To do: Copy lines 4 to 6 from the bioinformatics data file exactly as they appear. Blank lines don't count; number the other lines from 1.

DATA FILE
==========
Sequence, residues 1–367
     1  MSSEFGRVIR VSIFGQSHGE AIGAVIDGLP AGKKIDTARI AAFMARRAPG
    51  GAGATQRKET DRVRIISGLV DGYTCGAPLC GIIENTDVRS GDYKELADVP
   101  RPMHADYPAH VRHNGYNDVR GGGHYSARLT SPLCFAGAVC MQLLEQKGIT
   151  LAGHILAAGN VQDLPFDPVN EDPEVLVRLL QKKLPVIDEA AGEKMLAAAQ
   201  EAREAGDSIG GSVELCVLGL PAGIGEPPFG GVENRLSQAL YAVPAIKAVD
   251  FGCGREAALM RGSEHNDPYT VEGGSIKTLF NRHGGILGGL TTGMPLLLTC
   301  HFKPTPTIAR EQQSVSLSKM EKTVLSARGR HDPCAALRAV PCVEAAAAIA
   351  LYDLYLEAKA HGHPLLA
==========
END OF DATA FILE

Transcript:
   101  RPMHADYPAH VRHNGYNDVR GGGHYSARLT SPLCFAGAVC MQLLEQKGIT
   151  LAGHILAAGN VQDLPFDPVN EDPEVLVRLL QKKLPVIDEA AGEKMLAAAQ
   201  EAREAGDSIG GSVELCVLGL PAGIGEPPFG GVENRLSQAL YAVPAIKAVD